Washington election: Four incumbents retain their seats

Published 8:54 pm Tuesday, November 7, 2017


Roland Wyman will assume the Washington City Council seat now held by Larry Beeman, according to initial vote totals from Tuesday’s election and the early voting period.

Incumbents Virginia Finnerty, Richard Brooks, William Pitt and Doug Mercer retained their seats. Finnerty was the high vote-getter with 756 votes, followed by Brooks with 699 votes, Pitt with 640 votes, Wyman with 546 votes and Mercer with 528 votes.

Out of the running were Gil Alligood, 502 votes; Bill Clark, 498 votes; John Butler, 483 votes; Gil Davis, 395 votes; Robert Sands, 353 votes and Gerald Seighman, 268 votes. There is the possibility of a recount, if certain criteria are met.

Mayor Mac Hodges, running unopposed, retained his seat.

“I’m feeling very optimistic about and looking forward to working with the council,” Wyman said Tuesday night.

Wyman, asked why voters supported him, said, “Basically, I was able to deliver a clear message. It was well received.”

Wyman said there are “outstanding issues” he wants to address with assistance from other council members. “All of the outstanding issues discussed during the campaign will certainly be on my list of things we will be looking at,” he said.

Vote totals released by the Beaufort County Board of Elections Tuesday night are unofficial. The three-member board is scheduled to canvass the votes and make decisions regarding provisional ballots at 11 a.m. Nov. 17. Votes marked on provisional ballots approved by the board are added to the vote totals from early voting and Election Day.

Of the candidates supported by Beaufort County Indivisible — Finnerty, Pitt, Clark, Butler and Sands — only Finnerty and Pitt were elected, according to unofficial vote totals. Beaufort County Indivisible had volunteers at polling places in the city handing out campaign literature for candidates it endorsed.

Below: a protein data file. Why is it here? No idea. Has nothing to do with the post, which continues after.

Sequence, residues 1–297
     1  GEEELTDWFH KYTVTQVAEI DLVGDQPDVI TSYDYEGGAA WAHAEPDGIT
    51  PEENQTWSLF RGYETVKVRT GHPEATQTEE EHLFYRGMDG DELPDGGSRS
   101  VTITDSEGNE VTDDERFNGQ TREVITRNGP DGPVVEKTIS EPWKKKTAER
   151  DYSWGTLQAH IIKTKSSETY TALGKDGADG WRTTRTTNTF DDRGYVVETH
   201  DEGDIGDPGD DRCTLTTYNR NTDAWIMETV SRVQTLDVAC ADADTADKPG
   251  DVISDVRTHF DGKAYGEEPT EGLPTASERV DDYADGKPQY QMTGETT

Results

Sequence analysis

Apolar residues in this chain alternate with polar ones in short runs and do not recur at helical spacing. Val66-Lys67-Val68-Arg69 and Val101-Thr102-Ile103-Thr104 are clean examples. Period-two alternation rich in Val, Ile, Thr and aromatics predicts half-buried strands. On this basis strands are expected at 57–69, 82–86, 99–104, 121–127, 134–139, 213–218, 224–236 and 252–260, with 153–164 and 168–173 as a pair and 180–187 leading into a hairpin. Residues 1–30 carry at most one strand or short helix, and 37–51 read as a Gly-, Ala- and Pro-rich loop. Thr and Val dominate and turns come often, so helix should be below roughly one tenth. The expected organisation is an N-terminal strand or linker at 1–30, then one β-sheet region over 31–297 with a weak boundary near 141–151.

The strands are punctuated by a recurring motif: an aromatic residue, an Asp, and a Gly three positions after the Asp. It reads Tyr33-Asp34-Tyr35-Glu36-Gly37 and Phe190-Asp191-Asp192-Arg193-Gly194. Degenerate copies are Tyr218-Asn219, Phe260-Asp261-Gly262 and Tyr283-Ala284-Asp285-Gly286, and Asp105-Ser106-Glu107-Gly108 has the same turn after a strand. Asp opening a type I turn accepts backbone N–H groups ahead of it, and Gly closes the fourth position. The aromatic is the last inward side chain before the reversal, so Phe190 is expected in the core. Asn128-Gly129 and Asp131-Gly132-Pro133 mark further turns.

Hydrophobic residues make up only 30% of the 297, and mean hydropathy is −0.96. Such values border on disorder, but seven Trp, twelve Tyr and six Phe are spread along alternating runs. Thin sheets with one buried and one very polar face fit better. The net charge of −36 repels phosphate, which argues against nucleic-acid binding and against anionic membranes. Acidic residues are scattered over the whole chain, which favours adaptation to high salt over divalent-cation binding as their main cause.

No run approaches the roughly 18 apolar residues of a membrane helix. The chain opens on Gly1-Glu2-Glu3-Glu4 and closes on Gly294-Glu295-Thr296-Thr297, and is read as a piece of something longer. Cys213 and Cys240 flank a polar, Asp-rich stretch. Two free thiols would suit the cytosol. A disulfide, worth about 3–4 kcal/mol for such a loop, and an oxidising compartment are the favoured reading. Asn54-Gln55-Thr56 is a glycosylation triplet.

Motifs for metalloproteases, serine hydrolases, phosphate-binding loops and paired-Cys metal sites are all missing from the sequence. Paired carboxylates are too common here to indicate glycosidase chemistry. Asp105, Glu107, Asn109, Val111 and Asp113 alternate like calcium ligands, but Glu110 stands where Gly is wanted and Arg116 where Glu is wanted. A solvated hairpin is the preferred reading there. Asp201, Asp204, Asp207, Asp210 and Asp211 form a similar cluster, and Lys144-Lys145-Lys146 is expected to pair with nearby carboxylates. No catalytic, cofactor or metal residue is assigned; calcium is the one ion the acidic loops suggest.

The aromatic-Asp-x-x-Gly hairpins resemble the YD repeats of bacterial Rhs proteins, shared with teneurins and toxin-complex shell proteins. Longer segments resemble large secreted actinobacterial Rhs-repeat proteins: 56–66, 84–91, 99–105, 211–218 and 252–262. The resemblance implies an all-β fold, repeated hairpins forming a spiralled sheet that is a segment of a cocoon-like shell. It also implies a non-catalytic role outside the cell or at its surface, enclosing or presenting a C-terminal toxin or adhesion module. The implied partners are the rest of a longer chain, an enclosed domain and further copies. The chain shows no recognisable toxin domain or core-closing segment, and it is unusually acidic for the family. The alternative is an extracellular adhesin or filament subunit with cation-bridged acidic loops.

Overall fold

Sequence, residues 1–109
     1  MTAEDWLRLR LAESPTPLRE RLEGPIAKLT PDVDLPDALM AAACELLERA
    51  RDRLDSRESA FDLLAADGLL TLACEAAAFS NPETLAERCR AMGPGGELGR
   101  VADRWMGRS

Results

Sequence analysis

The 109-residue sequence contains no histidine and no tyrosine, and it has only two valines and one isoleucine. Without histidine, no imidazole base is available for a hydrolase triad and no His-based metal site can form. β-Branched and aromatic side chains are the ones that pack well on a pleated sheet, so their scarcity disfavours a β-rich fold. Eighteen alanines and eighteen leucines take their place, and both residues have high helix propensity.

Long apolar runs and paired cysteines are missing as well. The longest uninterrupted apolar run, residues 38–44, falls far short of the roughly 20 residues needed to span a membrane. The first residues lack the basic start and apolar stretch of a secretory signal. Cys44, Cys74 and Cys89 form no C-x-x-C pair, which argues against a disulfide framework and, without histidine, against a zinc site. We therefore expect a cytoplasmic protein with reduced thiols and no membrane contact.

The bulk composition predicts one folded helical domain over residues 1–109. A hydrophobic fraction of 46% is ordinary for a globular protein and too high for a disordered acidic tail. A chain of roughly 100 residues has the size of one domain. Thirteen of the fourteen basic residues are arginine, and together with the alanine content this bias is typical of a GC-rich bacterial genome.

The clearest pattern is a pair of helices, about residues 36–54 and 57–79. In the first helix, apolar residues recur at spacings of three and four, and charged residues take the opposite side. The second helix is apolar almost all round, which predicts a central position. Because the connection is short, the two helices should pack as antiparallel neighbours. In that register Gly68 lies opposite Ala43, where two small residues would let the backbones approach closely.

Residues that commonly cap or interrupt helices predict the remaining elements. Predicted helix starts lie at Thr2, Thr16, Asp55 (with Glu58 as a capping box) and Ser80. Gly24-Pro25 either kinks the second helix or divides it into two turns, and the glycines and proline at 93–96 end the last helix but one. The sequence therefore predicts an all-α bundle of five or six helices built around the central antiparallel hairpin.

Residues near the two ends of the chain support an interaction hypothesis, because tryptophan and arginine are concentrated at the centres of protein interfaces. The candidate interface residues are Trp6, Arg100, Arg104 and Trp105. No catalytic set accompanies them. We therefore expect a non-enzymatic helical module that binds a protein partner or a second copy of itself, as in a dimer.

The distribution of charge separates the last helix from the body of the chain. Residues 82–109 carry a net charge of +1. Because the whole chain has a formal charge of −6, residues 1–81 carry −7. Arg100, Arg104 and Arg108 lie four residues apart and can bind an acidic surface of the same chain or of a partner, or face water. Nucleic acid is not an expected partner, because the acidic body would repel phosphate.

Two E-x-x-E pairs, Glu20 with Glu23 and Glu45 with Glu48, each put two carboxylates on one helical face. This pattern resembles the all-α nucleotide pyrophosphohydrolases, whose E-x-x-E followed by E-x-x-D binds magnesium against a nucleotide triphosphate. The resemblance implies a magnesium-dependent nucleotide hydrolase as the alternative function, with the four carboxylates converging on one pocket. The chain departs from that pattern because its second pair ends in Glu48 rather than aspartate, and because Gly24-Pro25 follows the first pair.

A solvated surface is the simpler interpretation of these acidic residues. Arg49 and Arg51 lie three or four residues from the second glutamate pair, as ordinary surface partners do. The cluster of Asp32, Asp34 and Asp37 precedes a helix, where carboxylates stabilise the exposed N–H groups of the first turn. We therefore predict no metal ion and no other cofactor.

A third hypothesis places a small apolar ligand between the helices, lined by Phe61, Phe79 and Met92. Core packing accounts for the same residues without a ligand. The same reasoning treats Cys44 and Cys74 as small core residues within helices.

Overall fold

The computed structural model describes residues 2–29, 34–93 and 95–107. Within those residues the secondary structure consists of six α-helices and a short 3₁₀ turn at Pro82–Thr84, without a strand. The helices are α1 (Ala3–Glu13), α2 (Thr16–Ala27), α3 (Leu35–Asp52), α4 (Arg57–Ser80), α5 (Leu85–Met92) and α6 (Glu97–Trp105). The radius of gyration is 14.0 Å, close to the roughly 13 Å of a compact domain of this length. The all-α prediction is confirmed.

In some races, recounts could be conducted. A county board of elections has the authority to conduct discretionary recounts, unless the N.C. Bipartisan State Board of Elections and Ethics Enforcement has ruled otherwise.

“In a ballot item within the jurisdiction of the county board of elections, a candidate shall have the right to demand a recount of the votes if the difference between the votes for that candidate and the votes for a prevailing candidate is not more than one percent (1%) of the total votes cast in the ballot item, or in the case of a multiseat ballot item not more than one percent (1%) of the votes cast for those two candidates,” reads the section of the North Carolina General Statutes covering elections. “The demand for a recount must be made in writing and must be received by the county board of elections by 5:00 P.M. on the first business day after the canvass. The recount shall be conducted under the supervision of the county board of elections.”

Hodges and the successful candidates are scheduled to take their oaths of office during the council’s Dec. 11 meeting. Each will serve a two-year term. If the council follows tradition, the council member with the highest vote total would be elected mayor pro tempore, conducting council meetings if the mayor is absent.

About Mike Voss

Mike Voss is the contributing editor at the Washington Daily News. He has a daughter and four grandchildren. Except for nearly six years he worked at the Free Lance-Star in Fredericksburg, Va., in the early to mid-1990s, he has been at the Daily News since April 1986.
Journalism awards:
• Pulitzer Prize for Meritorious Public Service, 1990.
• Society of Professional Journalists: Sigma Delta Chi Award, Bronze Medallion.
• Associated Press Managing Editors’ Public Service Award.
• Investigative Reporters & Editors’ Award.
• North Carolina Press Association, First Place, Public Service Award, 1989.
• North Carolina Press Association, Second Place, Investigative Reporting, 1990.
All those were for the articles he and Betty Gray wrote about the city’s contaminated water system in 1989-1990.
• North Carolina Press Association, First Place, Investigative Reporting, 1991.
• North Carolina Press Association, Third Place, General News Reporting, 2005.
• North Carolina Press Association, Second Place, Lighter Columns, 2006.
Recently learned he will receive another award.
• North Carolina Press Association, First Place, Lighter Columns, 2010.
4. Lectured at or served on seminar panels at journalism schools at UNC-Chapel Hill, University of Maryland, Columbia University, Mary Washington University and Francis Marion University.

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